Drifting from Israel, per Rabbi Eric Yoffie
Rabbi Eric Yoffie’s most recent piece in Ha’aretz, the Israeli daily, makes the case that young U.S. Jews are not all that enamored with the Jewish state, and goes on to explain why.
First, some context: Rabbi Yoffie led, for more than 16 years, the largest (and only growing) denomination in diaspora Jewish life as President of the Union for Reform Judaism. During his tenure, which roughly spanned the immediate aftermath of Oslo & the assassination of Yitzhak Rabin through the end of the second intifada.
“Israel’s government needs to understand that young Jews will not be satisfied only to hear how Israel’s enemies are the bad guys; these young people want Israeli leaders to make a case for how Israel sees the future.”
It’s not simply that Israel needs a positive vision for the future, it’s that young U.S. Jews are increasingly alienated from the narratives of victimization and ethnic unity, which are inherent in discourse about Israel’s enemies and security needs.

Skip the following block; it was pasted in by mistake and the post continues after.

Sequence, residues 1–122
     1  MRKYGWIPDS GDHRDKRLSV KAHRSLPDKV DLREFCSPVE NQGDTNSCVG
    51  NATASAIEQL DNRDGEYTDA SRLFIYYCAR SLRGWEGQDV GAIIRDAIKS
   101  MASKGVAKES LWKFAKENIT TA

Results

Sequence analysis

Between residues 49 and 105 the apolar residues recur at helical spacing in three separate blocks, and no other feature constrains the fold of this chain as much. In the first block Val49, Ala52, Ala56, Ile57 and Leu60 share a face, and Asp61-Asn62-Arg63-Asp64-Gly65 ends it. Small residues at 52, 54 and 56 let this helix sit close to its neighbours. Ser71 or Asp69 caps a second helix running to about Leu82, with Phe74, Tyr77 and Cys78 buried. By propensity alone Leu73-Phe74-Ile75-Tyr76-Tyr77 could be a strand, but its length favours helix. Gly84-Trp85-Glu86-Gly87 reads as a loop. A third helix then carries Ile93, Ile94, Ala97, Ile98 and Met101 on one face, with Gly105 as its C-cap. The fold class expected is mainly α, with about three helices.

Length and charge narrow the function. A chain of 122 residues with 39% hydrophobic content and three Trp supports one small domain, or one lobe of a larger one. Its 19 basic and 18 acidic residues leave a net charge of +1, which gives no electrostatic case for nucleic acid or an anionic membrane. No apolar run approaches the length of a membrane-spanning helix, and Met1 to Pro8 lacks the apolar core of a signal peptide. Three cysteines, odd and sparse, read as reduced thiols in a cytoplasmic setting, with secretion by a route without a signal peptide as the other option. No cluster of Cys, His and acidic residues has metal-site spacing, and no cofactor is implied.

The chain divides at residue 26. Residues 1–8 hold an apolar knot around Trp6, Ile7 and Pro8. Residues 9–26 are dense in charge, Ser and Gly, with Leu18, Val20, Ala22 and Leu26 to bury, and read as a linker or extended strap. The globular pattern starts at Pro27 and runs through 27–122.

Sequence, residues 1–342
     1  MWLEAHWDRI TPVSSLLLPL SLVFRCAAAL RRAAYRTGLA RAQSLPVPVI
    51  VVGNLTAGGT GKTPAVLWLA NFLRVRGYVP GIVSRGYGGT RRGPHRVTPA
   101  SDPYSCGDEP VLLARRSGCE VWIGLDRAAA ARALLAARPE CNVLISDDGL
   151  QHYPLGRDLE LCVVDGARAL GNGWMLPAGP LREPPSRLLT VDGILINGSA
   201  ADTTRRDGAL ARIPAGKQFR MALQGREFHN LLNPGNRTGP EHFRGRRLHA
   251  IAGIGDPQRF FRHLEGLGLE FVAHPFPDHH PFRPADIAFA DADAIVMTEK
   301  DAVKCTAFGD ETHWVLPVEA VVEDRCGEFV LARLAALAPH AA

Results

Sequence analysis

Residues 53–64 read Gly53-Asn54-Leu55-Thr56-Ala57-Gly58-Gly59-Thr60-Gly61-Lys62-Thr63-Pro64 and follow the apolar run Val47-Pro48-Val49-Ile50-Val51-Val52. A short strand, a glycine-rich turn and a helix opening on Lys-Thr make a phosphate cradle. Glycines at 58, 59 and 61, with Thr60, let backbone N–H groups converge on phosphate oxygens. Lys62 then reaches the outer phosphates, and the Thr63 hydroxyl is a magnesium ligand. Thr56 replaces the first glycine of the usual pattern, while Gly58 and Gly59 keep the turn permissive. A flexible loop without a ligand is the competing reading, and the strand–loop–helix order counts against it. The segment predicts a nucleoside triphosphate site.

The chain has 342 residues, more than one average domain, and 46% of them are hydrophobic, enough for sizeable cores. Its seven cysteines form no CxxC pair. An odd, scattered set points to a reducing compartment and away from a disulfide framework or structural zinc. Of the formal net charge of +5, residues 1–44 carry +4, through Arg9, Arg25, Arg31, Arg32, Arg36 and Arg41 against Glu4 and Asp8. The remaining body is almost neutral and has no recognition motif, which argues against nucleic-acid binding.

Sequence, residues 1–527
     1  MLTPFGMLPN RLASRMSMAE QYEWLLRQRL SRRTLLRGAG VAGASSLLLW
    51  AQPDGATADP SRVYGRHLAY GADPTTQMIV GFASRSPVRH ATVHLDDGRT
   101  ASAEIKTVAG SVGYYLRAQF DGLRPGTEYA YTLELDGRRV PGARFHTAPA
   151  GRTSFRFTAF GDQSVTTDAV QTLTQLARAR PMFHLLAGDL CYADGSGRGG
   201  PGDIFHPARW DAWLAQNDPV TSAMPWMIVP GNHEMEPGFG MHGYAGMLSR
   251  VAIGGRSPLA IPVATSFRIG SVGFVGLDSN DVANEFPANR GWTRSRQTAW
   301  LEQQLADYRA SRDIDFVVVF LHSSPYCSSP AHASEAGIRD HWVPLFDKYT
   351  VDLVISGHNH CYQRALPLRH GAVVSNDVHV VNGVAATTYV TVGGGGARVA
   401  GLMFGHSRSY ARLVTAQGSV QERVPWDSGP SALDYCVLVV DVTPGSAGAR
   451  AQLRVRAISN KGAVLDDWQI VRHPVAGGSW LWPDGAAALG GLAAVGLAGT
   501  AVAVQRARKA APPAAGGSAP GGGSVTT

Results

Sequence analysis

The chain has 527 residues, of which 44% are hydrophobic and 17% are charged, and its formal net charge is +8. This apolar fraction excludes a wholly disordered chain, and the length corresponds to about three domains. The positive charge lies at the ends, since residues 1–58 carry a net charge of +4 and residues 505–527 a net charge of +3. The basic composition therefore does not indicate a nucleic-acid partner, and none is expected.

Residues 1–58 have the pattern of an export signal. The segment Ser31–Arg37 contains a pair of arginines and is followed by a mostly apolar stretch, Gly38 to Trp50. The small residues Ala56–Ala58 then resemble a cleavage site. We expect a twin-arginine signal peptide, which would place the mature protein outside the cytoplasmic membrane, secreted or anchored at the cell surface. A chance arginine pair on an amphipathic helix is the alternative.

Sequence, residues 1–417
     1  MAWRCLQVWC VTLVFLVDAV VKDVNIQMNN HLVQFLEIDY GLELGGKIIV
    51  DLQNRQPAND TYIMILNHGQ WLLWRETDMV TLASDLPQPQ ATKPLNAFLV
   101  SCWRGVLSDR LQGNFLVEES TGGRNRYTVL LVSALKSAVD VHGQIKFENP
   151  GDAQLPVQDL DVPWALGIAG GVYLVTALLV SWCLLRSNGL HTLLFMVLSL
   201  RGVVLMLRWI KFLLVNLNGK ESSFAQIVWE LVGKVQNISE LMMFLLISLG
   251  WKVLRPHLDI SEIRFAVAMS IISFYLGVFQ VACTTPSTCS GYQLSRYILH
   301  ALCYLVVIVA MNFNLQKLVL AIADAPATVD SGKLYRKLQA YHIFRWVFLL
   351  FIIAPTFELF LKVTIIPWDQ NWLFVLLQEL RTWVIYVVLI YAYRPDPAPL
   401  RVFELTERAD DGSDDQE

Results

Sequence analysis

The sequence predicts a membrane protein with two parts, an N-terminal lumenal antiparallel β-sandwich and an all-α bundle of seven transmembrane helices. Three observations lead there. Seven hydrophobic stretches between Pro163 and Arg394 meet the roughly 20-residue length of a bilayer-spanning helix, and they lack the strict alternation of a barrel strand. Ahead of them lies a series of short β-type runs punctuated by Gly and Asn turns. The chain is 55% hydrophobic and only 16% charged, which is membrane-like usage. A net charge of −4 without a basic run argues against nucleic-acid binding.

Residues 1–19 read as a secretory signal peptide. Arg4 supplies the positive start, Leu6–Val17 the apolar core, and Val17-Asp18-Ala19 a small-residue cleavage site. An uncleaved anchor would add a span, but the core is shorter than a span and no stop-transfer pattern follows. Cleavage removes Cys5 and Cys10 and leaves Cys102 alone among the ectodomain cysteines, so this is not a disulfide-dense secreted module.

The recent J street U convention helps illuminate the discussions happening on campuses from coast to coast, and, as Rabbi Yoffie explains, Jewish students want to know, exactly why Israel has the security policies that it does. They don’t need explanations of how complicated the conflict is, rather, Jewish students just want to understand why a place they are taught to love is not universally accepted.
“They hate us because we’re Jews” doesn’t measure up as an answer to this generation, who in particular have individually faced less anti-semitism and overt discrimination than previous generations.
To get a better idea of Rabbi Yoffie’s argument and what it means for the future of Israeli-Arab piece, check out the entire post.